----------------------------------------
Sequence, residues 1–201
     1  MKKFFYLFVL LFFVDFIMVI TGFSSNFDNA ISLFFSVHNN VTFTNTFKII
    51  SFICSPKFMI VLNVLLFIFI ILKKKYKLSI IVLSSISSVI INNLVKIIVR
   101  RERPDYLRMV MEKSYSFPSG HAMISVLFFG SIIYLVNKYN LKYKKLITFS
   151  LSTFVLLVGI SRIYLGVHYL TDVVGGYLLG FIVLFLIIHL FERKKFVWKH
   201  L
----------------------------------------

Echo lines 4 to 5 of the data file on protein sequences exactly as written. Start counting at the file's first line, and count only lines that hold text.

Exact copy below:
   101  RERPDYLRMV MEKSYSFPSG HAMISVLFFG SIIYLVNKYN LKYKKLITFS
   151  LSTFVLLVGI SRIYLGVHYL TDVVGGYLLG FIVLFLIIHL FERKKFVWKH